The Basic Rule of Getting Things Done

If you are the CEO of a fast-growing startup, you have a lot on your plate.

About a year ago, I built a simple semi-automated system we call GSD (Getting Shit Done). It allows our CEO to delegate tasks and not worry about their timely completion. The system was so successful that we want to roll it out to the rest of the company this year.

It uses the simple principle described below.

There is a rule for getting things done that is so obvious that people often completely miss it.

To get anything done it is necessary and enough to:

  1. Identify the next step.
  2. Not postpone it forever.

Unless the goal moves faster than you do, meeting these two conditions will get you where you need to be. Without knowing the next step and taking it, you will get nowhere.

If this is so simple, why do people fail miserably at getting things done? As often happens with human failures, the problem is in our brains wiring. Our 100-billion-neurons most complex device in the known universe has many flaws. It is optimized for survival in the hostile environment, not for accomplishing abstract goals. The solution is to build systems that work around those flaws.

Here is a short list of things that prevents us from getting things done.

The Fear of Monsters

We are afraid of the unknown, a simple heuristic for survival. Unfortunately, our brain uses this mechanism to fuel procrastination. Unless the path to your goal is clear and straightforward, your brain is like “wait, this is scary, let’s not do anything”. This happens deep inside your animal brains, and all you feel is that another, more straightforward task (like watching a YouTube video) looks much more appealing.

This fear prevents you from even thinking about the next step. Fight it.

The Curse of Backlog

A backlog is merely a list of work that needs to be done at some point in the future. It is very easy to put work in backlog — you don’t have to do anything right now. Most backlogs I encountered looked more like a cemetery. Work goes there but rarely comes back, and when it comes back, it tries to eat your brains.

Don’t put anything in backlog unless you know when and how you will get it out. Everything in the backlog must have the next step with a deadline attached. Unless you purposefully use backlog as a dump for work you won’t do, which is sometimes a good idea.

Starting vs. Finishing

Starting things is more fun than finishing. They are new and exciting. They seem more urgent. Saying “yes” is much easier than saying “no”. We naturally start more things than we can finish.

Remember that “do nothing” is a valid next step for a task. An easier to digest variation is “do nothing for now”. Don’t be afraid to push back. Better finish one thing than starting five.

Working Memory Limit

We can keep very few things in our working memory. The most frequently used number is 7 ± 2. In any case, it is very low. If you have more than 10 goals in your life, big or small, you will have to keep them outside of your head.

You need a system to record the next actions and their due dates. And you should look at it often.

No Implementation Intention

Unless you have a specific trigger, chances of never acting on your intention are very high. Implementation Intention adds “when” to “I want to do X”. It is surprisingly powerful and scientifically proven.

Develop a habit to make your intentions time-bound. It will improve your life in many ways.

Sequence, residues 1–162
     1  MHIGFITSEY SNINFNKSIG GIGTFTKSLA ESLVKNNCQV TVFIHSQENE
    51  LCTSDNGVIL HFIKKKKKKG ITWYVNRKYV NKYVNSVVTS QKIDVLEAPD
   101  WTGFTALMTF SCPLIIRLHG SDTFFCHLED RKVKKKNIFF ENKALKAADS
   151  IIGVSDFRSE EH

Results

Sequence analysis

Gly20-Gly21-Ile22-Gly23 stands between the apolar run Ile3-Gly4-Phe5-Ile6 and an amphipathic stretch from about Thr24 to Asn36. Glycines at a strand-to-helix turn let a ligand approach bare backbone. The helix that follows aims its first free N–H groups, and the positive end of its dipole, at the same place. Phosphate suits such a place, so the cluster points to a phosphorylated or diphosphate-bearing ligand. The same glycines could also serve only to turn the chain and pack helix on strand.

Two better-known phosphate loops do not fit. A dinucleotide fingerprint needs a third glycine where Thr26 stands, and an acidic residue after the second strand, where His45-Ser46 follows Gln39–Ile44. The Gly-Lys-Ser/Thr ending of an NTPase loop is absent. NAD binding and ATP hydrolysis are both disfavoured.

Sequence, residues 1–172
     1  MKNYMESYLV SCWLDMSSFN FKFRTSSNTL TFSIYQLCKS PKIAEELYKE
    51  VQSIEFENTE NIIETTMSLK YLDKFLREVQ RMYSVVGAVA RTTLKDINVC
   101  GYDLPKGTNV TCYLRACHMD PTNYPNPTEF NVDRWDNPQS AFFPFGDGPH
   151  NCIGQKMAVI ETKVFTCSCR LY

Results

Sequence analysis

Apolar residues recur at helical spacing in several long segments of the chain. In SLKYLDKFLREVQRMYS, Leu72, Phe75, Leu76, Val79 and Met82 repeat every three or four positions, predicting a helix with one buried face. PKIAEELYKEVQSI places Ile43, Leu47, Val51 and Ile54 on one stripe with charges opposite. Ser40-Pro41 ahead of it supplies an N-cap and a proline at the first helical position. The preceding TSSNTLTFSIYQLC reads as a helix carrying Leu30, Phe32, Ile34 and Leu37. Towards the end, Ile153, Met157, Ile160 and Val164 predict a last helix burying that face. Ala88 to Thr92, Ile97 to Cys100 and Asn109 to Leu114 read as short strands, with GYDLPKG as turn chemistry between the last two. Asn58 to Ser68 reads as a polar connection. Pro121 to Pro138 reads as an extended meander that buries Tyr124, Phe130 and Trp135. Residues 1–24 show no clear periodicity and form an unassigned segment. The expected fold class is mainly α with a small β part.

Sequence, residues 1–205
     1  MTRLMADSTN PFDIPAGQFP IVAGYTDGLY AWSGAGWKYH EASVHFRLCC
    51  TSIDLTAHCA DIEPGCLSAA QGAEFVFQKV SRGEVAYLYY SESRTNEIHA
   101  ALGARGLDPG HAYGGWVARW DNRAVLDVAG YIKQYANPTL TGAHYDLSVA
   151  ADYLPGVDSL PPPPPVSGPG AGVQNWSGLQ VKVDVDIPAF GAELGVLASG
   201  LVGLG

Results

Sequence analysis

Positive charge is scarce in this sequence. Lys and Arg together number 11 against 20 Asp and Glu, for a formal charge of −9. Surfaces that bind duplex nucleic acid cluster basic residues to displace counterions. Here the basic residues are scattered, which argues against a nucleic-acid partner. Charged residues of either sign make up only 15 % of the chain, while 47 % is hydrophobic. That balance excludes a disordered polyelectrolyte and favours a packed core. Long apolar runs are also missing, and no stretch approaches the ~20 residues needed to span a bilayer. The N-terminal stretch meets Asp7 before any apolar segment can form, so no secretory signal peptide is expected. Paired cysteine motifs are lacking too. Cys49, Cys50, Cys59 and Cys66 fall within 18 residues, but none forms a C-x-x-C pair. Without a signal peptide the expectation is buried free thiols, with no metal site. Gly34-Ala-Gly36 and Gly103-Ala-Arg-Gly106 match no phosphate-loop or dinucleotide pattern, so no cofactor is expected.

Broken Feedback Loop

If nobody checks on what you do, it must be not that important. Even the most reliable people will start forgetting to complete things if they can get away with it.

If you want people (or yourself) to be reliable and accountable, make sure tasks are never forgotten, no matter how small they are.

Putting It All Together

Our GSD system is extremely simple but effective. It works like this:

  1. Requester adds a task assigned to someone.
  2. The assignee needs to tell what the next action is and when it will be done.
  3. When the time comes, the system asks the same question: what is the next action and when it will be done. The answer is delivered to the requester.
  4. Repeat until the task is complete or no longer relevant [enough to keep working on it].

While simple, it addresses the problems described above:

  • The Fear of Monsters. The system forces you to decide on the next step. No procrastination allowed.
  • The Curse of Backlog. There is no backlog. You either work on the task and make progress or explicitly drop it.
  • Starting vs. Finishing. If someone has too much on his or her plate, it becomes clear very fast. It triggers the re-evaluation of priorities and dropping some tasks.
  • Working Memory Limit. The system can store an infinite number of tasks. No need to rely on the human memory.
  • No Implementation Intention. Every next step has a due date. You cannot say “I will do X”, you have to say “I will do X by day Y”.
  • Broken Feedback Loop. The requestor gets updates when something happens with their task as well as when nothing happens. No way to avoid the feedback.

Because of the minimal overhead, the system is effectively used for even very small tasks. Adding and updating tasks is as simple as sending an email.

It gets things done.

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Building software and data systems that enable business operations; VP of Business Engineering @DataRobot

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Daniil Bratchenko

Daniil Bratchenko

Building software and data systems that enable business operations; VP of Business Engineering @DataRobot

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